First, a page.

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1911 Customization

DC Reed/Director

1911 Customization, Carry Cuts and Slide Stop Beveling

As to carry cuts and slide stop hole beveling on 1911s.

I am by default against going too far off John Moses Browning’s design. I can be wrong but seem to be still alive having heeded this principle and having defended myself with a Colt on more than one occasion.

Relieving the slide that way reduces mass, meaning the recoil spring to gas to slide speed to firing pin spring weight must be all be in perfect balance or when something gets slightly off you have stoppages. Will a stock replacement recoil spring work or does it take a certain weight spring? Is this another cosmetic touch or a design to “aid” concealment? More on this later.

As to slide stop hole beveling, generally done on the right side of the frame. I agree it looks cool. Looks “custom”. My issue is that this is a very critical stress point on the frame and a critical element in the cycle of operation of the 1911. Don’t screw with it. The slide stop is a frequently encountered problem as they break. Slide stop breaks, gun stops. “Bullets go no more” type of break.

The slide stop goes from left to right through the frame, through the barrel link (locking the barrel against the top of the slide) and out the right side. Disassembly of the gun requires the operator to push it out from right to left. The beveling is supposed to make it easier to push the stop out and as it is scalloped out ‘prevent’ the stop from being accidentally pushed out of place.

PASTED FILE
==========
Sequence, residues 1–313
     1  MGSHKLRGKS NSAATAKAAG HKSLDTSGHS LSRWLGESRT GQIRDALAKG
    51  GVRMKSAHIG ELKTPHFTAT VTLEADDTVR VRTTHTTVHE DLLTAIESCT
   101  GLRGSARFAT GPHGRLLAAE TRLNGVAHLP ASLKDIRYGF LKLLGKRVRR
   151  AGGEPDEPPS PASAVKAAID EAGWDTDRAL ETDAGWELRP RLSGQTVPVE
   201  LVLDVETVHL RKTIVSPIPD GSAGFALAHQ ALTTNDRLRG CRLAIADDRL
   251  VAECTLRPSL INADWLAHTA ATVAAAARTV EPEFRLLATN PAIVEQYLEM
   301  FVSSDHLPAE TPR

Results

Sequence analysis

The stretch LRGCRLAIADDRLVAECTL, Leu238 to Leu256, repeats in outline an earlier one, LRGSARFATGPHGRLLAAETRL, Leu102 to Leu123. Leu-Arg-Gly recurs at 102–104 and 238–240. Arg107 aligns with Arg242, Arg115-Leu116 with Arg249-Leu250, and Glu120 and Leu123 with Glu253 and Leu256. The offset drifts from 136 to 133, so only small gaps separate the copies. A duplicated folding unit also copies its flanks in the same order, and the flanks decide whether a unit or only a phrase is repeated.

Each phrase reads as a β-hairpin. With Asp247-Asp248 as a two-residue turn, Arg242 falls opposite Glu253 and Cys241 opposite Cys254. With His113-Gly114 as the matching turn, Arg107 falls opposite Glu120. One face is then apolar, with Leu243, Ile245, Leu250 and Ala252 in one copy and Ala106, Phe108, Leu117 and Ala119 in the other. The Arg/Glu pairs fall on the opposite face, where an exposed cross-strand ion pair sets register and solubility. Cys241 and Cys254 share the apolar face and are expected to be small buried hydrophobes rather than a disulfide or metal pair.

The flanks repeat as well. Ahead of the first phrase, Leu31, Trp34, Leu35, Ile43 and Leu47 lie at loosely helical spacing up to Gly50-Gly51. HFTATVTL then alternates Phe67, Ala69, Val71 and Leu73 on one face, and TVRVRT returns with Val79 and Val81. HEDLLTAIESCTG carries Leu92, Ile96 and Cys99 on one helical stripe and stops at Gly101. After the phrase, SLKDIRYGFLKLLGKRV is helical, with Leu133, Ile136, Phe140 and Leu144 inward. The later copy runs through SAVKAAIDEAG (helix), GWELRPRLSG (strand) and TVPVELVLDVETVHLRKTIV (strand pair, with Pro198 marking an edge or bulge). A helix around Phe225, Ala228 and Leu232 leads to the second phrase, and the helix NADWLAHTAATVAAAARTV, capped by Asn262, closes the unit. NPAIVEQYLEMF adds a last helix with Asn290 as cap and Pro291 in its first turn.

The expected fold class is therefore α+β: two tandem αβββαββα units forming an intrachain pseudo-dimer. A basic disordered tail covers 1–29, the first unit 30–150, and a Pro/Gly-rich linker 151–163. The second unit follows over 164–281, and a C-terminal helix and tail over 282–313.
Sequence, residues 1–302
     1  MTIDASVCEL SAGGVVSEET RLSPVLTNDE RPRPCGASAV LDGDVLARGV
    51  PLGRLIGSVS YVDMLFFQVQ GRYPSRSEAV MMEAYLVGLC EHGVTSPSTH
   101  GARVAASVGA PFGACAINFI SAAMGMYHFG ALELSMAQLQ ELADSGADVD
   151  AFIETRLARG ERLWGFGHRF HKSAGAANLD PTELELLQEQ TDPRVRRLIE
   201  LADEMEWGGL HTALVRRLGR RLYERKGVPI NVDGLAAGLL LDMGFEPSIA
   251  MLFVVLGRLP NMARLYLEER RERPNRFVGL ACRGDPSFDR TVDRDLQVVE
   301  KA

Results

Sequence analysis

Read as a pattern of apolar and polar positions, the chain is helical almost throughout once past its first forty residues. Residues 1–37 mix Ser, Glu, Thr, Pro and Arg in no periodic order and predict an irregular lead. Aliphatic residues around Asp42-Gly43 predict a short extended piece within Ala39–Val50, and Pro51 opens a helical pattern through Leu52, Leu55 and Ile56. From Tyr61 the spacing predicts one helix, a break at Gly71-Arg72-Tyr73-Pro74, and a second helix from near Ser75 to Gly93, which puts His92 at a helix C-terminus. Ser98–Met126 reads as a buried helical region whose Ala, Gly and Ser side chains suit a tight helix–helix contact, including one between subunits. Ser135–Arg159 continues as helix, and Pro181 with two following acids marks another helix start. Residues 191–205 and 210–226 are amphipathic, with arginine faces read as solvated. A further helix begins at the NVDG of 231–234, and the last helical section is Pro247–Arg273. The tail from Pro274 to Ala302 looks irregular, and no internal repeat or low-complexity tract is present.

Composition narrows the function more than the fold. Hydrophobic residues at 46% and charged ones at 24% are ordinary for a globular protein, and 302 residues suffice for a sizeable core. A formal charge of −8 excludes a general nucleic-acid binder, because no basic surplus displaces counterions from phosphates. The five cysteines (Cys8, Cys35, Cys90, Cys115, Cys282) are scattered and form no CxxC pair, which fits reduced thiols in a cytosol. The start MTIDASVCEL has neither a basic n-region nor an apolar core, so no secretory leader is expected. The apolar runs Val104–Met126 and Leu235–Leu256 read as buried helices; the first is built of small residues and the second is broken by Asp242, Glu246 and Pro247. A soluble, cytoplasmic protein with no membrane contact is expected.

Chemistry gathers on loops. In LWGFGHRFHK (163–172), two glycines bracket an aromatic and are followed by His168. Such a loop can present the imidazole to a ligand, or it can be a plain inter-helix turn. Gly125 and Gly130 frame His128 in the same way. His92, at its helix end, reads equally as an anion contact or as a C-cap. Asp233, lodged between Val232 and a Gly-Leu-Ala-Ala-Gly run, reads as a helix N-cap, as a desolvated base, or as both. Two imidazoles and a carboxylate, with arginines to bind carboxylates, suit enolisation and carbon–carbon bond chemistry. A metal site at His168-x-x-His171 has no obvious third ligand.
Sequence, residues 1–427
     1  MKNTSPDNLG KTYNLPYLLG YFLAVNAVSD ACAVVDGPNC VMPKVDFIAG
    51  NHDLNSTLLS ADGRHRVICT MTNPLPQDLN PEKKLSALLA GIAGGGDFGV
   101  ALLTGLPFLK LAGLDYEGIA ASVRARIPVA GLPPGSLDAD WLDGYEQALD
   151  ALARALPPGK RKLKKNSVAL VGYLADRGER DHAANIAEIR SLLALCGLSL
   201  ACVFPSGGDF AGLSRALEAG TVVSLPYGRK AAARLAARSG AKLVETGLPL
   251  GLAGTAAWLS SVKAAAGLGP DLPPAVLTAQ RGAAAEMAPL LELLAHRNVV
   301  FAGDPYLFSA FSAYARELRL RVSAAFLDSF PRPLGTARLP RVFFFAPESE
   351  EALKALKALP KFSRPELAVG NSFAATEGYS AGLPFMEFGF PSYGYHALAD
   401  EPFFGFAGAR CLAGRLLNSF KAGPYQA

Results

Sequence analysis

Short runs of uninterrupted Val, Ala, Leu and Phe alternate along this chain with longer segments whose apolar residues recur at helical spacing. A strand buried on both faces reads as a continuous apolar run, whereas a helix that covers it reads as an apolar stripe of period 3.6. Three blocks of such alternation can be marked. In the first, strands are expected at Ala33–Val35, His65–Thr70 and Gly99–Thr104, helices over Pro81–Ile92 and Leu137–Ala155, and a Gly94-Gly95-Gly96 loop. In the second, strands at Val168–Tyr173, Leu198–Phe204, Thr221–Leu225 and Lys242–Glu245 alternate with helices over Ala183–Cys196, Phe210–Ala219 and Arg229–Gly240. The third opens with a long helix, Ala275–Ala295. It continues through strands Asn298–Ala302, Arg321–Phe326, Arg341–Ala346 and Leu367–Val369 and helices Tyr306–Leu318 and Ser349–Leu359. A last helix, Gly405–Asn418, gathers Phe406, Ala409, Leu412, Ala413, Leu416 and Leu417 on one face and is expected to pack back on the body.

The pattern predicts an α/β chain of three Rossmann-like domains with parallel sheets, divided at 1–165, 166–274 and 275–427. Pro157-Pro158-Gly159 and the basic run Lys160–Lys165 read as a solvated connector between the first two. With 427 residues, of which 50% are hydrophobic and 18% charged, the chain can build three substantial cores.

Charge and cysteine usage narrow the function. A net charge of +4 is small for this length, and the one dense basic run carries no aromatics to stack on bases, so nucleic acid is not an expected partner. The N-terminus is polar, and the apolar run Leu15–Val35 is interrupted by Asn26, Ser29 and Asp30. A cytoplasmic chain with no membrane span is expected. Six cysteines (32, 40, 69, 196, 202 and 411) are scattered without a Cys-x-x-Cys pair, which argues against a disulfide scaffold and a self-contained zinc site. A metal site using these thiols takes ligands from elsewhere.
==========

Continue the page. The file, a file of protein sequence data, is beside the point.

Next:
Bull. It just looks cool. Cutting the frame in this critical area potentially adds to the metal stress here, as there is less metal. Especially with aluminum. “But If they sell it it must be okay, right?” Ha!

By the way, when people tell me their 1911 needs to have the slide to frame fit ‘tightened’ I wince. Generally it’s the barrel link that needs be adjusted or replaced with a larger link. See how important? Keep an extra slide stop in your bag.

Oh, back to slide carry cuts. If you have a a holster that requires you to have slide cuts to open the holster to get the gun in…. Get another holster!

Tactics are driven and developed by the real world problems they counter. I can adapt my tactics to solve new problems but I use the simplest tactics possible to counter the greatest number of problems.

Let’s not add our own equipment to that mix! I refuse to adapt tactics just for a piece of gear that forces a certain method or order of drill to operate.

In short, if my equipment doesn’t facilitate my being able to put bullets on target rapidly, then, “fling!” is the sound of it whizzing away from me towards a dumpster.

Last note. In reference to carry cuts being used to help open IWB holsters that close up after drawing my gun, I actually hate most IWB holsters and I only have them for deep concealment use. I’m too fat. But…This is an example to me of what Clint Smith said about carrying guns. That they are supposed to be ‘comforting’ not ‘comfortable.’

The Milt Sparks/ Bruce Nelson Summer Special or the new breed of wide, long tuck ambles are notable exceptions. General use, I wear a hip holster such a DeSantis scabbard or a Galco JAK (inside the belt but outside the pants). It all depends on your body type as discussed in earlier blog posts.

But, I can be and am frequently wrong. Ask the wife.

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